By: Nicole Gerami, M.A., CCC-SLP
Speech Language Pathologist and owner of Nicole Gerami, LLC and the FIT Program
Many parents of children with special needs consider adding a social skills group to their child's therapeutic program. Early childhood is the time when kids learn extremely important foundation skills so that they can engage in conversations, relate to others, and, ultimately, make friends. Social skills are tied to many other aspects of development, including language and social emotional development. By nature, social skills happen in a dynamic fashion, with people reacting to each other's comments, questions, facial expressions and body language.
Social skills groups, when well taught and balanced with typical peers, provide a naturalistic environment in which children can practice conversation, engagement and cooperative play with each other. Think of groups as a venue where kids can work on the performance aspect of their developing social skills as opposed to simply learning skills in a one-on-one situation. A well-crafted social skills group should be run by a licensed professional such as a speech language pathologist (SLP). These individuals are experts in understanding exactly which skills a child needs to develop.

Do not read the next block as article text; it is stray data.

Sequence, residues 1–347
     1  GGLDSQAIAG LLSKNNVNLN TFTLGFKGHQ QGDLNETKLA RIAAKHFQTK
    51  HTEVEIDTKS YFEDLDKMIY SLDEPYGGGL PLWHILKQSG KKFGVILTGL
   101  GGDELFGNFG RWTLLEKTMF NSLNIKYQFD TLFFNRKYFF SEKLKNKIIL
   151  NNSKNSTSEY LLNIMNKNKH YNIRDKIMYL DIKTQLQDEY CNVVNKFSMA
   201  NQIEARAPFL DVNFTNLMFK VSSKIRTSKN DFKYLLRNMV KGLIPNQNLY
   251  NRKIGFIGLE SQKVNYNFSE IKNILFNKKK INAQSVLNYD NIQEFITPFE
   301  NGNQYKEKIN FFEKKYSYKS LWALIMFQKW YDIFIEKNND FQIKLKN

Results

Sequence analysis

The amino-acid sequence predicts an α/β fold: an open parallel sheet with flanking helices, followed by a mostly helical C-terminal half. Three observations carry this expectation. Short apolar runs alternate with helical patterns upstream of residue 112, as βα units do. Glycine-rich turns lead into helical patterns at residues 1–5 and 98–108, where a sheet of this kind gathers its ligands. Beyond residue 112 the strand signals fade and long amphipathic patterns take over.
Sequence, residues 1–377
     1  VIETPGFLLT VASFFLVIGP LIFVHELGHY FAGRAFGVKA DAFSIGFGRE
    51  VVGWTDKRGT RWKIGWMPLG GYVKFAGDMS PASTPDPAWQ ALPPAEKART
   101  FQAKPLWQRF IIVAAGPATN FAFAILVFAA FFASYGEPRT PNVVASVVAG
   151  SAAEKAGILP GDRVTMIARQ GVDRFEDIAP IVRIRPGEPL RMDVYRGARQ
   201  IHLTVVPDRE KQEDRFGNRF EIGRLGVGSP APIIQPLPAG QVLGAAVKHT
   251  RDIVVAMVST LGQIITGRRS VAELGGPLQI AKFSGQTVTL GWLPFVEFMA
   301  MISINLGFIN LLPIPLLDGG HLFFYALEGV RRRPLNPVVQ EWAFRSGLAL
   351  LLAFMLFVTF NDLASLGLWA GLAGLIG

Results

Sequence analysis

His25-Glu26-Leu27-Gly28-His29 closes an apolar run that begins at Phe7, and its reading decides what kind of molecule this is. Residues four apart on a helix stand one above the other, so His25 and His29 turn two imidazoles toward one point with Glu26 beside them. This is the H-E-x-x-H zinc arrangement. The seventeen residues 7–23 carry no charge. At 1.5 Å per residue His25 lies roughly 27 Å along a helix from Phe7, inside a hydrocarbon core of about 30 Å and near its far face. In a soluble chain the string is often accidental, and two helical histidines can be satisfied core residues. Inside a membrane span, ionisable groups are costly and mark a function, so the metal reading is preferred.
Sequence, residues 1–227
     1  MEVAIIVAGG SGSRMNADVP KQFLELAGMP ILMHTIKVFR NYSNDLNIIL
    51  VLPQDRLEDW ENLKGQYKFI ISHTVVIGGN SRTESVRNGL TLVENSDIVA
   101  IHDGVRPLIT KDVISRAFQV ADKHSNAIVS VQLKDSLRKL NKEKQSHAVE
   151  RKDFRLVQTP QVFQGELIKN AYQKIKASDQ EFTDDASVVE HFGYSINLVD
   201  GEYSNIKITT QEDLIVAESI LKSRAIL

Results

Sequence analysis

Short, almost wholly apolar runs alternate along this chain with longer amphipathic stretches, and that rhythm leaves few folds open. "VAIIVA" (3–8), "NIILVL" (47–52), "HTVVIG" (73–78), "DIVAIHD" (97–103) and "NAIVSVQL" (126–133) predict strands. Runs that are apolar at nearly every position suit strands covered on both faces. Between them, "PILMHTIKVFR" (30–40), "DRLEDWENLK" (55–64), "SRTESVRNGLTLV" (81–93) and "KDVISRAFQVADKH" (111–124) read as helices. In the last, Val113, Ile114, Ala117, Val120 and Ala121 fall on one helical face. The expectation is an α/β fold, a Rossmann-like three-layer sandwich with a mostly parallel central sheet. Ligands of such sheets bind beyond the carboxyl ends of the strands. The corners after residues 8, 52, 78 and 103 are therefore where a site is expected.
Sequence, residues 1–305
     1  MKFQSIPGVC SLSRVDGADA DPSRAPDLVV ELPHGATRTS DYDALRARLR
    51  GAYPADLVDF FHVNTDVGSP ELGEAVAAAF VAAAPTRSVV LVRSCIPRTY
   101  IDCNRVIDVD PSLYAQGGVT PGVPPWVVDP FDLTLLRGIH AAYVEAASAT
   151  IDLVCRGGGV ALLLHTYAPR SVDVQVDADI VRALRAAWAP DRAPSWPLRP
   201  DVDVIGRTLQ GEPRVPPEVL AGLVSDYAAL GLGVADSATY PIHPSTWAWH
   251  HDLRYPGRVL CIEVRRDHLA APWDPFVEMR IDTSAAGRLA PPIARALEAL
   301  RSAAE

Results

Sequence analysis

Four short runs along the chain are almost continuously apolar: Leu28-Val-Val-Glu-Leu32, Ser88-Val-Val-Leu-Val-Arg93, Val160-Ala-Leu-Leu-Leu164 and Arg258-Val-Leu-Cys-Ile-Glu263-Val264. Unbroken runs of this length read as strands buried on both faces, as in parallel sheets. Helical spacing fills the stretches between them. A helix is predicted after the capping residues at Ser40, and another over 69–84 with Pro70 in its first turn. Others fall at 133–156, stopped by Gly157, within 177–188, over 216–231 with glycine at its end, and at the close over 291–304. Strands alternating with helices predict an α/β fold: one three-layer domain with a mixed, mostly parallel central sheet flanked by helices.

For example, a group led by a speech language pathologist would focus on communicative functions such as greeting others, taking turns, answering, requesting, thinking flexibly, and even refraining from interfering behaviors. As well, the SLP knows how to encourage eye contact and help children become focused on each other rather than their own thoughts or objects and events in their environment.
The best social skills groups are formed with children who have similar profiles, cognitive abilities and interests. The format should include a direct lesson followed by cooperative games, table-activities and play. There are many curricula out there that target social skills. Your professional will pick a program that best suits the needs of the children in the group while also designing a treatment plan with the unique needs of your child in mind.